On October 31 Governor Jane Swift of Massachusetts pardoned five women who had been convicted and executed in the Salem witch trials in 1692. Well, better late than never–what’s a few centuries one way or another? Once you’re dead you have all the time in the world. It’s the living for whom justice delayed is justice denied, and on that score Governor Swift is not doing so well. On February 20 she rejected the recommendation of the state parole board, known for its sternness and strictness, and refused to commute the thirty-to-forty-year sentence of Gerald Amirault, who was convicted in the 1986 Fells Acre Day School child sex abuse case and who has already served sixteen years in prison. Violet Amirault and Cheryl Amirault LeFave, his mother and sister, who were convicted with him, served eight years before being released.
Since the l980s, when a wave of now notorious prosecutions of alleged ritual child sex abuse swept the country, many of the techniques used to elicit children’s stories of abuse have been discredited: leading and coercive questions, multiple reinterviews, promises of rewards, suggestive use of anatomical dolls. It’s no longer iron-clad doctrine that certain behaviors, like bed-wetting, masturbation and sexualized play, reliably indicate sex abuse. The slogan of the prosecution and the media was “believe the children”–but what that really meant was don’t believe the children if they insist that nothing happened, if they like going to daycare and readily hug their alleged abusers; only believe the children when, after relentless questioning by interviewers, therapists and parents, they agree that something terrible happened and eventually come to believe it, as the Fells Acre children, now young adults, still do. As Dan Finneran, the Amiraults’ lawyer until 2000, puts it, the case represents “a closed system of thought: denials, recantations and failure to remember are categorized as manifestations of repression and fear and thus stand as confirmations of actual abuse.” If no means yes, and yes means yes, how do you say no?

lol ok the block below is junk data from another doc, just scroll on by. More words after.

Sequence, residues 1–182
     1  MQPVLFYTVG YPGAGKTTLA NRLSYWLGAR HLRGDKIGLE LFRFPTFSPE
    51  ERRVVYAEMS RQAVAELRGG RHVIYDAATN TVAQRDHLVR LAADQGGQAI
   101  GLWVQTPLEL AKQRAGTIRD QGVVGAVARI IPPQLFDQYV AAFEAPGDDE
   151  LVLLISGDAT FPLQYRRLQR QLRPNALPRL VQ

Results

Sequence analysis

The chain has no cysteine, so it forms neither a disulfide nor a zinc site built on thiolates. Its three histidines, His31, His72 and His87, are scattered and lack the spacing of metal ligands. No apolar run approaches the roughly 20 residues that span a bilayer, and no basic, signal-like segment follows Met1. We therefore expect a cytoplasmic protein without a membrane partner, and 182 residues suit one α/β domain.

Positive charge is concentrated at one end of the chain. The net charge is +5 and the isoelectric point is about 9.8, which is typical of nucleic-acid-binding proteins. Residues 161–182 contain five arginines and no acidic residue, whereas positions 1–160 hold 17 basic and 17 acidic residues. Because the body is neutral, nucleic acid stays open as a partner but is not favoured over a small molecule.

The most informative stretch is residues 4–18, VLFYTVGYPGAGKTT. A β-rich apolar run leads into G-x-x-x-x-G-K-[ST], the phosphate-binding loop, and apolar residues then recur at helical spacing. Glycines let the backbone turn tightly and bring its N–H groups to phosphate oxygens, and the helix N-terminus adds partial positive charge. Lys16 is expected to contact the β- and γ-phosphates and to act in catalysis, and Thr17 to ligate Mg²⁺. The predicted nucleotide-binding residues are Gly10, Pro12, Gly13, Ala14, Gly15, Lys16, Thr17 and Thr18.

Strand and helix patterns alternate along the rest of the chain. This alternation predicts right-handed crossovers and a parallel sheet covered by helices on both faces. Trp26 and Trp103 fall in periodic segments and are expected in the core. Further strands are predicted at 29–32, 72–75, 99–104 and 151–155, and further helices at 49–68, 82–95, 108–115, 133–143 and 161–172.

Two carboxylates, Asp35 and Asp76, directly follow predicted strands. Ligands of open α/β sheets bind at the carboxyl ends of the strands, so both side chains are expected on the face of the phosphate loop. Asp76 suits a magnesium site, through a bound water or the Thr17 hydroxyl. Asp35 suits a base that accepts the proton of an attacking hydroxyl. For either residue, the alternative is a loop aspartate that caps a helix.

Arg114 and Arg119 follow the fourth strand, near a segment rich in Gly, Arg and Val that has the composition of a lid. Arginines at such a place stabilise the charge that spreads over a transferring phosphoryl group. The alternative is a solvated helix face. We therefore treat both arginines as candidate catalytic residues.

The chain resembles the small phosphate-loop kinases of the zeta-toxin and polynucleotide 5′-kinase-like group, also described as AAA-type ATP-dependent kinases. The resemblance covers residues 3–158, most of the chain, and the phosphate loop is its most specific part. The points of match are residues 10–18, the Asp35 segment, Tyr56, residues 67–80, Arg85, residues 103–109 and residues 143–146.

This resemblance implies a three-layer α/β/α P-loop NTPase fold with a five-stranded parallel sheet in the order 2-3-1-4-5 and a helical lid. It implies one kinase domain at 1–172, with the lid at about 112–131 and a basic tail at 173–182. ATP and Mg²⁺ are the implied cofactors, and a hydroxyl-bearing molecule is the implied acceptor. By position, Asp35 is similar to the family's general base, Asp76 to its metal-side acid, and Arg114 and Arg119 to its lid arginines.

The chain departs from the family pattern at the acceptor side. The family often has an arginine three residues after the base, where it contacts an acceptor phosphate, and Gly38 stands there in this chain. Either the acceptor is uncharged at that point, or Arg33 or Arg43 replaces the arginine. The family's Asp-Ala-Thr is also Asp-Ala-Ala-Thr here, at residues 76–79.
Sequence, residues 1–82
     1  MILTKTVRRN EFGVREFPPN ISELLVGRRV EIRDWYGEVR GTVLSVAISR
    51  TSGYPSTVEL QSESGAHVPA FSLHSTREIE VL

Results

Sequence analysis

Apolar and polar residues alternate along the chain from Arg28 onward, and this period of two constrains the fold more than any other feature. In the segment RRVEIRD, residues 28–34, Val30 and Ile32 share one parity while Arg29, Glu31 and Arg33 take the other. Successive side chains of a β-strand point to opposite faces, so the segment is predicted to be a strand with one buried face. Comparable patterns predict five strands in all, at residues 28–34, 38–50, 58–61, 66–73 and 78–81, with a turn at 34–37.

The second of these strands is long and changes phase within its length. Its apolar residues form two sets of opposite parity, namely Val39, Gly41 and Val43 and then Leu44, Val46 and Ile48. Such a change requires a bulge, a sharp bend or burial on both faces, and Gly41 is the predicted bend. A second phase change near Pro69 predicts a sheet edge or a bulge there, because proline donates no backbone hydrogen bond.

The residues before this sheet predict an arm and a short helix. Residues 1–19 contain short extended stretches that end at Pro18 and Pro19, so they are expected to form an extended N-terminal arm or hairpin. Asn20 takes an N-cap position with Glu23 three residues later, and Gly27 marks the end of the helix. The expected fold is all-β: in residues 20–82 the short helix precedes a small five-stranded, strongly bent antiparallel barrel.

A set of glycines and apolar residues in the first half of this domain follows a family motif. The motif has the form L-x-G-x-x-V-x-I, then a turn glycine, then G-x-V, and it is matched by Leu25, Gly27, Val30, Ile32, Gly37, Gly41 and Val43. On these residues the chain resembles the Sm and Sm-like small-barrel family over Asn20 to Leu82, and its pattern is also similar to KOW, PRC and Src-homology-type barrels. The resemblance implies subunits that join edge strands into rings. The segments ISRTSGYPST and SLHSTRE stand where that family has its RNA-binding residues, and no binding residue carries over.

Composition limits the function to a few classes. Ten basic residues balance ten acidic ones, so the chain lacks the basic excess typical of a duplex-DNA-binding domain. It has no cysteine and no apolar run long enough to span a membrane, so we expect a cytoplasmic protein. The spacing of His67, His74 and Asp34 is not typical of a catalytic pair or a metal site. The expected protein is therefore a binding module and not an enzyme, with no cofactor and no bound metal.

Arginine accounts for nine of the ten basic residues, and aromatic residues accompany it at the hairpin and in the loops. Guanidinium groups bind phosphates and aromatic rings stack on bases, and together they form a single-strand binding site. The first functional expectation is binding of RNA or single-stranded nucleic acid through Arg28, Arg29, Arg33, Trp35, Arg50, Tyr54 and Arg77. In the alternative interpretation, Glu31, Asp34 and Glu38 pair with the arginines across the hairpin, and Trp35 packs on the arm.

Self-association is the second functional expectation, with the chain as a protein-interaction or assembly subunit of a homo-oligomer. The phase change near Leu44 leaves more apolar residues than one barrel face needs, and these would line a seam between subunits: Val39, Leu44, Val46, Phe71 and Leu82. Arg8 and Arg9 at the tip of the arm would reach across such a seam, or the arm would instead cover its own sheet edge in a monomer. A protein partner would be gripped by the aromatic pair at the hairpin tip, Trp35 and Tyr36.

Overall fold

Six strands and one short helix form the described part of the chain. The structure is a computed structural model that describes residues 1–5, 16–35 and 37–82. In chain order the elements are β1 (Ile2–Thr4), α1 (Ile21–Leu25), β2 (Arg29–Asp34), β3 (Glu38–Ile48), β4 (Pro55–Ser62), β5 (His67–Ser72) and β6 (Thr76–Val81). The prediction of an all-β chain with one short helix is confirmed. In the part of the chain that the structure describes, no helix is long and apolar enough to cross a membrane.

All these issues featured in the Amirault case. The result was that a respected working-class family who had run a popular daycare center in Malden for twenty years–a place that parents were constantly popping in and out of–were convicted of a total of twenty-six counts of child abuse involving nine children in trials that included accusations of extravagant and flamboyant sadistic behavior: children being anally raped with butcher knives (which left no wounds), tied to trees on the front lawn while other teachers watched, forced to drink urine, thrown about by robots, tortured in a magic room by an evil clown. One child claimed sixteen children had been killed at the center. Obvious questions went unasked: How come no kids who went to Fells Acre in previous years had these alarming experiences? Why was an expert witness permitted to testify about a child-pornography ring when no pornographic photos of the Fells Acre kids were ever found?